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Sowore and the youth factor

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Sowore<br />

The media especially the social segment has been awash recently with the return to the country of a presidential aspirant, former students’ leader, Omoyele Sowore.

It would have gone unnoticed like most events of the day but for the tumultuous crowd that came out to welcome him and the traffic snag that it generated within the precincts of the Murtala Mohammed International Airport and the interconnecting roads.

For those who could spare a little time for students’ union politics in the universities in the late eighties and early nineties, the name would need little or no introduction.

Sowore was the brave young man who held the reins of Students’ Union government as President of the University of Lagos Chapter and had ceaseless battles with the university authorities, student cultists and the then military government of General Ibrahim Badamasi Babangida.

Significally, because of its several anti-people policies, the IBB administration experienced several students’ riots that often spiraled out of the campuses onto the adjoining streets and areas to mobilize the masses against the government.

It could be argued from a generational perspective that students’ unionism reached the peak of radicalism during this period; it was incessant just as it was profound on scale.

It would appear rather simple now for the uninitiated but to take on a brutish military Gestapo at that time required the indomitable courage of the steel-hearted.

Therefore, there is much to admire in a student union leader of that era because they put their lives on the firing line.

Sowore did not only confront the establishment but equally endangered his life in the even more dangerous battles with cult groups when cultists ruled the universities and their overbearing activities riled the minds.

The young man suffered untold hardship by way of various arrests and detentions, ceaseless threats to his life (there is an account that he was forcefully injected with poison by cultists) and dismissal.

That he survived all these difficulties showed an indefatigable spirit to overcome all odds and that God had other plans for him in the future.

Sowore has displayed singular bravery once again by aspiring for the top most position of presidency, neither even governor of his state, nor senator of his senatorial district, House of Representatives Member nor local government chairman for that matter.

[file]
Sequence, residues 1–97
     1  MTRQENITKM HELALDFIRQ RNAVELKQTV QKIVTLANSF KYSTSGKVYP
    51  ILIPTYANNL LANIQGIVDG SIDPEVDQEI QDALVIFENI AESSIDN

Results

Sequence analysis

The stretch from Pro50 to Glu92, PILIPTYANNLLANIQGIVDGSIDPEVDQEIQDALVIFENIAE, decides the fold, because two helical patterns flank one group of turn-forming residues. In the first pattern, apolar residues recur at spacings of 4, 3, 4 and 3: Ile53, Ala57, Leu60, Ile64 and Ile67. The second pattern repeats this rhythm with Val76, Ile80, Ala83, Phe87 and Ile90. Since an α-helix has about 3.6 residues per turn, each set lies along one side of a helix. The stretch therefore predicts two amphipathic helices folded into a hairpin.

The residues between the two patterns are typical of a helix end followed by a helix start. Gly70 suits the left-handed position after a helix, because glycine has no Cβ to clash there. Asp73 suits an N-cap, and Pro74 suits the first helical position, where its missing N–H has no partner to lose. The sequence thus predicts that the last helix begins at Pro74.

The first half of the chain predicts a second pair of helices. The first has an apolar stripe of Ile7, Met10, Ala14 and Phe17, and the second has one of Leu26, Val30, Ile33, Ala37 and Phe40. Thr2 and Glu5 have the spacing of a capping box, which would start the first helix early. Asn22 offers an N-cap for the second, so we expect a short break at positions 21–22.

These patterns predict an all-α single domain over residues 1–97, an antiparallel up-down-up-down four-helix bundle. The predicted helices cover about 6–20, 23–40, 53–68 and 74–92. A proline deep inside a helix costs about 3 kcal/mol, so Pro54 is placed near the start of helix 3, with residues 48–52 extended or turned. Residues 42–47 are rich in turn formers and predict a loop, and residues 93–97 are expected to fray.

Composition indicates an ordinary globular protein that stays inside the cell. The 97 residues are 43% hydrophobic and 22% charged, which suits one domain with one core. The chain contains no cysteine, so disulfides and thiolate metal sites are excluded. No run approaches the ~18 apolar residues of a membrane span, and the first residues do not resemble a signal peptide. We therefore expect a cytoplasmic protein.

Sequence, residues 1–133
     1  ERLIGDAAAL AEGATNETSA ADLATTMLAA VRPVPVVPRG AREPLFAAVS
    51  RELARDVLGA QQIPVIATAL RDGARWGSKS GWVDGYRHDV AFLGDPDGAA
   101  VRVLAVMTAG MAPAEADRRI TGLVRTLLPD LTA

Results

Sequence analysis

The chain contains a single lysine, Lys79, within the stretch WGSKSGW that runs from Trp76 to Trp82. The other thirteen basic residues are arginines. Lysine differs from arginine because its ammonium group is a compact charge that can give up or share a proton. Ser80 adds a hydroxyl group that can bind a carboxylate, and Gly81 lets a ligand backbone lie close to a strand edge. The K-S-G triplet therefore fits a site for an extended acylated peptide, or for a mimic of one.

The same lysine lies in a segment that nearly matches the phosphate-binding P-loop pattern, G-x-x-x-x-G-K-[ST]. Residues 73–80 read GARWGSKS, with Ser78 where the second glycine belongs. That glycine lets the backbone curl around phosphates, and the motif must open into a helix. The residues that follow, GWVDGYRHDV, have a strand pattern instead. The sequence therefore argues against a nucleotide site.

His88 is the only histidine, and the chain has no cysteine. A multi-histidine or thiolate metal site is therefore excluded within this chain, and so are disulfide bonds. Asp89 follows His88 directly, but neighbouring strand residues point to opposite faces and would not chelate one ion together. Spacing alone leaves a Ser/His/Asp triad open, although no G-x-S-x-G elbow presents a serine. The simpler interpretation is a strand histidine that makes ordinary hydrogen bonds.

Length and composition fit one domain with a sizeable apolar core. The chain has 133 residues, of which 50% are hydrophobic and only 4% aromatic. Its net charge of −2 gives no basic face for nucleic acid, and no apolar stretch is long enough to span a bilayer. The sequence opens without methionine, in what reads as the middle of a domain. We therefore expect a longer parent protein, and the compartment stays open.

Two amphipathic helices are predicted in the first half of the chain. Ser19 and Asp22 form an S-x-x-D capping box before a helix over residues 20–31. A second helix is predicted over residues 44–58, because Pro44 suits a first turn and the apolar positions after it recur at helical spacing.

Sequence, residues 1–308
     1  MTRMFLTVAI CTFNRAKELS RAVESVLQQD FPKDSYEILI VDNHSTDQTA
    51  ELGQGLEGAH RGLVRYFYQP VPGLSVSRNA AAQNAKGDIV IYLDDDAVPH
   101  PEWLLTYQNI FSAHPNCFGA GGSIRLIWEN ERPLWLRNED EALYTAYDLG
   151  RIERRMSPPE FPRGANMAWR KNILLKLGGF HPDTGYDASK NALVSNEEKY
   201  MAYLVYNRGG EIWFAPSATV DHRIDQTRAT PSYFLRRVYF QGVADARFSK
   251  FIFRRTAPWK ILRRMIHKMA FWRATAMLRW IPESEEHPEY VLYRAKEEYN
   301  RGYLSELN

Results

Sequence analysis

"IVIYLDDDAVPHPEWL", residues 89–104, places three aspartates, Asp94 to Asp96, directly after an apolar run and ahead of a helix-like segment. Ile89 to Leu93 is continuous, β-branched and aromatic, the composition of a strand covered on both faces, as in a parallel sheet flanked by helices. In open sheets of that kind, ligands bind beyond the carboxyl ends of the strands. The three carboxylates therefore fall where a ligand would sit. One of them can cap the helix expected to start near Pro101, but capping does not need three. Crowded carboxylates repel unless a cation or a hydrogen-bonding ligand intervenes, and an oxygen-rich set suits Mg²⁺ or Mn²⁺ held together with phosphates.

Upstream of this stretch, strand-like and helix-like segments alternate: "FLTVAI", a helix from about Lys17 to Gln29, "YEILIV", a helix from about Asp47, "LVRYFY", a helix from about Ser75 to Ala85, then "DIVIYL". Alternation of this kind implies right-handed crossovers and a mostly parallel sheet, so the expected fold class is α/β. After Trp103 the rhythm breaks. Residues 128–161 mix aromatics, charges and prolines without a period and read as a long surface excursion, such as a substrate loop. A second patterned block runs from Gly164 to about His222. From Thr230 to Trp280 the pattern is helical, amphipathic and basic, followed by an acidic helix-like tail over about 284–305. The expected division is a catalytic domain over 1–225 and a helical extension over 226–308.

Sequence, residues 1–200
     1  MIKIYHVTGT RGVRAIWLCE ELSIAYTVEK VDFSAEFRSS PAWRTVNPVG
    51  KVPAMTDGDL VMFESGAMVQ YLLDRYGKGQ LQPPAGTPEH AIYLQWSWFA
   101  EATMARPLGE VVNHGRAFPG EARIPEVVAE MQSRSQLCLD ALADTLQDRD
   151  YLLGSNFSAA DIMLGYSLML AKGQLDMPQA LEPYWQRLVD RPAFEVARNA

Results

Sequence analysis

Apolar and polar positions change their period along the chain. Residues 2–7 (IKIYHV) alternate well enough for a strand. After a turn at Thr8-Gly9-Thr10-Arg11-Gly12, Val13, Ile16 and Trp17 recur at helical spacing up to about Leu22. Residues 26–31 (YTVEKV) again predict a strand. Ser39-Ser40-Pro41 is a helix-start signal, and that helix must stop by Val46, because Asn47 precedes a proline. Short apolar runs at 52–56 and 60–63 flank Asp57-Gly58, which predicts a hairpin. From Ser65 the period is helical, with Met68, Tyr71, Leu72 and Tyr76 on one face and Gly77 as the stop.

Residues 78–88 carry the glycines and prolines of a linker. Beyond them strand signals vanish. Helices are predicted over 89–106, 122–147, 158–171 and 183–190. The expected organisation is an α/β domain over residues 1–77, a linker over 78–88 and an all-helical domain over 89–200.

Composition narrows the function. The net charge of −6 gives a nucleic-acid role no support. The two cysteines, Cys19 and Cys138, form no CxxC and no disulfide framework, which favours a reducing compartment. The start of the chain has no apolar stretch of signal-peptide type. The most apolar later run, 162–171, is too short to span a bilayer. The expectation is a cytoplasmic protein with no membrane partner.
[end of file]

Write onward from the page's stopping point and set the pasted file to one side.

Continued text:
As an online critic put it, it shows that he is not afraid to thread where angels dread. His take it back message is very apt for the times and conforms to the vision and philosophy of his campaign.

The fearless activities has taken his message to far and beyond to those in the Diaspora notably Canada, U.S., UK and others, and back home in Nigeria, he has visited several cities and met with relevant prominent personalities to drum up support because he believes in consultations.

At these fora, he discussed the prevailing problems of Nigeria, challenges ordinary Nigerians face and constantly reassures them that their days of facing these problems were numbered.

His followership cuts across ethnic lines and certainly beyond his Yoruba tribe.

The barrage of reactions to online publications indicates there are as many who believe in his vision just as those who think he is a pretender.

Aside his radical pedigree, he is well organized, focused and smart with a clear strategy on how he hopes to wrest the presidency from the hands of “looters”.

His on-line publication, Sahara Reporters has been of immense benefit in unraveling shady deals involving power brokers and giving a bite to the voice for justice.

For now, Sowore has not announced his political platform and the issue of independent candidacy is not yet clearly defined in the country’s constitution nor tested in practice.

He certainly needs a good platform to actualize his vision. It will get clearer in the days ahead.

Remarkably, Sowore is not the only aspirant of youthful age or disposition who is gunning for the nation’s number one seat.

There are other contenders such as the sweet talking motivational speaker, Fela Durotoye, 46, who has managed to stir some serious online debate on the chances of a new comer.

Former Central Bank Deputy Governor, political economist and lawyer by training, Kingsley Moghalu is another formidable ‘young’ contender.

Former Cross River governor (1999-2007), Donald Duke,56, has since thrown his urbanely styled hat into the ring.

Gombe State Governor Ibrahim Hassan Daukwambo has also made it clear he is throwing his cap into the presidential ring.

Most of the military heads of state in Nigeria’s history, by their official age, were less than or barely 40years old when they mounted the saddle.

However, with the advent of democracy, the “oldies” have taken over control and not in any hurry to quit the scene for the younger generation.

But we live in a world of paradoxes: women want a female president yet when they have the chance to elect one, they would ignore her and choose the male candidate instead.

The youths who recently got a boost with the signing into law of the not too young to run bill by President Buhari have long sought for a president who is youthful.

Significantly, the youth in Nigeria make up a large proportion of the voting population. Will they embrace the chance in 2019 or blow it?

But whether Sowore or any of the young ones becomes the president in 2019 or not, the political landscape would no longer be the same.

This is so because Nigeria cannot be isolated from the political gale that is blowing across the world with the old men and women giving way to the younger ones.

Ojenagbon is a public affairs commentator.


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